Once you’ve come to terms with the fact that your business is no longer viable, it’s always prudent to formulate an exit strategy. With so much money at stake, this is certainly no time to “wing it”. One of the initial steps down the path towards an Offer In Compromise is to liquidate the business, which can include a sale of the assets, or a sale of the business as a “going concern”. In this article, we will explore the types of sales that this workout expert would consider legitimate, and types that I’d consider to be ethically and legally questionable.
Here is the key to a legitimate transaction: Whether it be the sale of equipment, or the sale of the business as a whole, the SBA and your lender are only interested in “ARMS LENGTH” transactions. An arms length transaction can be defined as one where the buyer and seller are independent and act in their own best interest.
So what is an example of an arms length transaction?
Let’s say your business is struggling so you list it for sale. You get lucky and find an interested buyer. You’ve never met the buyer before, and you are both negotiating in good faith. You are trying to get the most money you can, and he’s trying to pay the least. He will take over the business, and you will have no involvement with the business once the sale is completed. In short, this is straight forward sale in which both parties have no ulterior motives. To most banks, this transaction would be considered an arms length transaction.
So what would NOT be considered arms length?
– Sale of the business/business assets to a friend, family member, or business associate. Since you have a relationship with these parties, it would be questionable whether both parties are acting solely in their own best interest. If you make a sale with the intention of buying or leasing the business back at a later date (and do so in order to submit an Offer In Compromise), then you are running the risk of being accused of fraud if your scheme is uncovered.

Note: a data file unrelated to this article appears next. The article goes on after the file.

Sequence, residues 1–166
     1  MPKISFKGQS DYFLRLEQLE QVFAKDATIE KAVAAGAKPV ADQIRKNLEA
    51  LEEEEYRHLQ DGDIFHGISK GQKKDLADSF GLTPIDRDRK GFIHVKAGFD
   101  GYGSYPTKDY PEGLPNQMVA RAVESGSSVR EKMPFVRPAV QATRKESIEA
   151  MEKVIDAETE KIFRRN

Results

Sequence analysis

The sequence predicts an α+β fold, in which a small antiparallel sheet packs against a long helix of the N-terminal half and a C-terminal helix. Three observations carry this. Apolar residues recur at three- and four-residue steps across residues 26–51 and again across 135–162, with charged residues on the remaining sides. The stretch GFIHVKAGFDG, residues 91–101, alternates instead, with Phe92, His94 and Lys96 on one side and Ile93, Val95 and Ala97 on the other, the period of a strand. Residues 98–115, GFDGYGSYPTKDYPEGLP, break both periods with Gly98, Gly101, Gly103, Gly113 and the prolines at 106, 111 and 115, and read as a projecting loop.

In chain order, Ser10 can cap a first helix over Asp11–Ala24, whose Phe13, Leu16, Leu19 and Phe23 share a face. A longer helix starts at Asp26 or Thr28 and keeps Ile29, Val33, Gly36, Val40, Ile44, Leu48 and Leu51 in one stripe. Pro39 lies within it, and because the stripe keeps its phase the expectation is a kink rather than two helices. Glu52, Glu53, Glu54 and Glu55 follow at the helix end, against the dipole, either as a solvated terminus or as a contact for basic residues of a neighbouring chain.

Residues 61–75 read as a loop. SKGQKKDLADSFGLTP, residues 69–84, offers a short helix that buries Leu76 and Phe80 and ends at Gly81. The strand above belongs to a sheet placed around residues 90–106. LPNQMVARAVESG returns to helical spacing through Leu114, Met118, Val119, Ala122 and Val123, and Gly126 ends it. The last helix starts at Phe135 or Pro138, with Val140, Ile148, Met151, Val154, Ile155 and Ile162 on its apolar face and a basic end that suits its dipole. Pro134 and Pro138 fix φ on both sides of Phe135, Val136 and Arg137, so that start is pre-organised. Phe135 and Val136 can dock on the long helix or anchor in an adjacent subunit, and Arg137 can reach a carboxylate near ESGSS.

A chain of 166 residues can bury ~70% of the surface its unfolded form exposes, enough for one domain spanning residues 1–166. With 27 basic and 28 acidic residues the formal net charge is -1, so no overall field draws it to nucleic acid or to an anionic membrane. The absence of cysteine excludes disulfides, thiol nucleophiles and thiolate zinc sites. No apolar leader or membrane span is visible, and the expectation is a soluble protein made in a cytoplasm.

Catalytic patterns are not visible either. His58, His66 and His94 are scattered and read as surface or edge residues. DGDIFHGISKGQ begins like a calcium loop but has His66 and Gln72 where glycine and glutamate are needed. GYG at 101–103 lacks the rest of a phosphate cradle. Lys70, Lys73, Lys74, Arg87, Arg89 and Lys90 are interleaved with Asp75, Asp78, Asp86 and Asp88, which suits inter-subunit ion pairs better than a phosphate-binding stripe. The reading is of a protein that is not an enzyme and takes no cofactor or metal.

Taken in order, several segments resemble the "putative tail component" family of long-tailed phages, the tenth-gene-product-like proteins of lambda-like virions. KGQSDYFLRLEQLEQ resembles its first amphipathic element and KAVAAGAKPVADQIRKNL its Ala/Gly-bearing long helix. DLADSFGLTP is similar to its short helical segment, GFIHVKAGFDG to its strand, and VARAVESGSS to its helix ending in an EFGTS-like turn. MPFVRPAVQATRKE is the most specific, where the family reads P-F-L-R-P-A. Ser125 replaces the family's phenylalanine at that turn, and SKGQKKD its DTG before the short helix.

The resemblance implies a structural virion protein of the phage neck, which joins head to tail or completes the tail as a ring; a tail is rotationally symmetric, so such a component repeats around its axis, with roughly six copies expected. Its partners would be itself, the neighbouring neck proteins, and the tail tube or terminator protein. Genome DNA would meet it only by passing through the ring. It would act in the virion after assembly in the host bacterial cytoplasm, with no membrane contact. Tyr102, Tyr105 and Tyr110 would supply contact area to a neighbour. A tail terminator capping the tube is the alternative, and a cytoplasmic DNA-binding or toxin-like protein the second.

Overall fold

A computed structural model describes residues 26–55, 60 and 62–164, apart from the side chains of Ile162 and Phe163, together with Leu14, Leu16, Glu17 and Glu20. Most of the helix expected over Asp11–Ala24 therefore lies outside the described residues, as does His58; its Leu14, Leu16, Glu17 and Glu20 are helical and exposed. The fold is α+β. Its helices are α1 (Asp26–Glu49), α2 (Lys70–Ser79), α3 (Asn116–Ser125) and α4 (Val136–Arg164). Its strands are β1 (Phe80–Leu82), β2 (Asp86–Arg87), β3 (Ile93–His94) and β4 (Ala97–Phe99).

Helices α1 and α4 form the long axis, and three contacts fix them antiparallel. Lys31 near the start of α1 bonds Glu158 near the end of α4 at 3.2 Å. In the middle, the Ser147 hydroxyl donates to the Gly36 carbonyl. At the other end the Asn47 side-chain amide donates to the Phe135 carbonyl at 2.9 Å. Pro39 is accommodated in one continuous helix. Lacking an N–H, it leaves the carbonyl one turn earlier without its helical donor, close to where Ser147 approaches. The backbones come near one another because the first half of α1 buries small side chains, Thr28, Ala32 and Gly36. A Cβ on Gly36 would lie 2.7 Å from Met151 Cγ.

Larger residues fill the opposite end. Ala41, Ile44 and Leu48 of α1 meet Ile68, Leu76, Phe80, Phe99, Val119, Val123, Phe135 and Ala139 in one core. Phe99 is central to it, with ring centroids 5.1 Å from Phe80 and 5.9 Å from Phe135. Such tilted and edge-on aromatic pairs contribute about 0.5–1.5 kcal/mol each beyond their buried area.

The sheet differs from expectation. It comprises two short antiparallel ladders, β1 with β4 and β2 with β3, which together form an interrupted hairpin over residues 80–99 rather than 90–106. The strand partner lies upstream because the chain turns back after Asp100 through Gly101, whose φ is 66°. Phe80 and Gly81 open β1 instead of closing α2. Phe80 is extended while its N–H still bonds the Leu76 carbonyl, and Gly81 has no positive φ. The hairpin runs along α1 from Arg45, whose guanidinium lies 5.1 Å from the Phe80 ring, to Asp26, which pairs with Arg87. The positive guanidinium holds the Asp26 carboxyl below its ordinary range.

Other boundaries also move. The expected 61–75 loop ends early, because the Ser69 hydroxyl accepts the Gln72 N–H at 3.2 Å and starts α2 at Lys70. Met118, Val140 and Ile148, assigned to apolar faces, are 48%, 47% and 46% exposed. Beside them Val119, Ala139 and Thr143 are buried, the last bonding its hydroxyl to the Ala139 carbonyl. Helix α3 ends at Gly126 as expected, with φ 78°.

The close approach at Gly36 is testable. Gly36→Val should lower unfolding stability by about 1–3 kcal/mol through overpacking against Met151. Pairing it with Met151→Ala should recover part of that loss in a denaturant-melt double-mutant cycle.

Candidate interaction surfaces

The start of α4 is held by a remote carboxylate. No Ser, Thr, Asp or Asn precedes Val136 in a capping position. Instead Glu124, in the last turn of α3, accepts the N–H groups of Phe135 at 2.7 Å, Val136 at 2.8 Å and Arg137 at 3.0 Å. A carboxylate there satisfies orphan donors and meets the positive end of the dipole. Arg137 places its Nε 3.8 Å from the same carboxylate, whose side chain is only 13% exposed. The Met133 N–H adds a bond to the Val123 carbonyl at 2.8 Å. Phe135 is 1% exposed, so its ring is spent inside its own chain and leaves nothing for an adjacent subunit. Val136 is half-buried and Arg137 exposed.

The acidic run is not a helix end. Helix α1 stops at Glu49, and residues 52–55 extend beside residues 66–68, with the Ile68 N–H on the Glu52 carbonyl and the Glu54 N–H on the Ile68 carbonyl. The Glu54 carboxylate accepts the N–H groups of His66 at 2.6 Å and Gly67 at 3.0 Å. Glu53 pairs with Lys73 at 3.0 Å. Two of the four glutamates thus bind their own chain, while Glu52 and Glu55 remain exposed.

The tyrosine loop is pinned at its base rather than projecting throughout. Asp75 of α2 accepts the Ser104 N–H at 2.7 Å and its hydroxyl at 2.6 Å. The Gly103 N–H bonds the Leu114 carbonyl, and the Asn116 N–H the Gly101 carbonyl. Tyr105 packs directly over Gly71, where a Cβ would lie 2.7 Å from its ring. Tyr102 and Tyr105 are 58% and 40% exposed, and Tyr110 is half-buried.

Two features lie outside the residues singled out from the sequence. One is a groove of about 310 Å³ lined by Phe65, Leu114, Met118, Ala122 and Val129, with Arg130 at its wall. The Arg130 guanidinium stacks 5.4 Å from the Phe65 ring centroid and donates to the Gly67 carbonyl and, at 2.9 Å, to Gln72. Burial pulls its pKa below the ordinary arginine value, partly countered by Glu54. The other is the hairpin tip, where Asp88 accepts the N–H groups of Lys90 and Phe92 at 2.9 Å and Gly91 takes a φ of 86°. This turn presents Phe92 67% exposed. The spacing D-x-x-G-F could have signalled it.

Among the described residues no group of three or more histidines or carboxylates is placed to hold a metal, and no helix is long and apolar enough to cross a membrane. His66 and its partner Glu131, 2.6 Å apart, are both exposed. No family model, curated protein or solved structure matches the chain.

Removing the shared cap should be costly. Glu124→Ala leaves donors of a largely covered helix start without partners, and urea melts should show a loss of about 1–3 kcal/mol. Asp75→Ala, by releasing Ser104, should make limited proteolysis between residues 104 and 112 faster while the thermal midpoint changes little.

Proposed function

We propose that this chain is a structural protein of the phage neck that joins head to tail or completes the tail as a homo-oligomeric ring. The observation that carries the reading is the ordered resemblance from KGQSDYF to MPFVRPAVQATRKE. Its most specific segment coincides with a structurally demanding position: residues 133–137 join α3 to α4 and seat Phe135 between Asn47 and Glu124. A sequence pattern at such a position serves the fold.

– Creating a new company, and selling the business/business assets to that entity while representing that the new company is an unrelated party. This is clearly fraudulent.
– Selling the business/business assets to an entity (C-Corp, S-Corp, LLC, partnership) owned by a friend, family member, business associate, or anyone else for the sole purpose of submitting an OIC, with the intent to buy the business back at a later date.
Overall, if you think you’ve found a loophole by trying any of the situations that I’ve described as NOT arms length, let this be a warning to you that these are not loopholes. They are thinly veiled attempts to defraud your lender and the SBA.
My advice, as always, is to play it straight and do the right thing.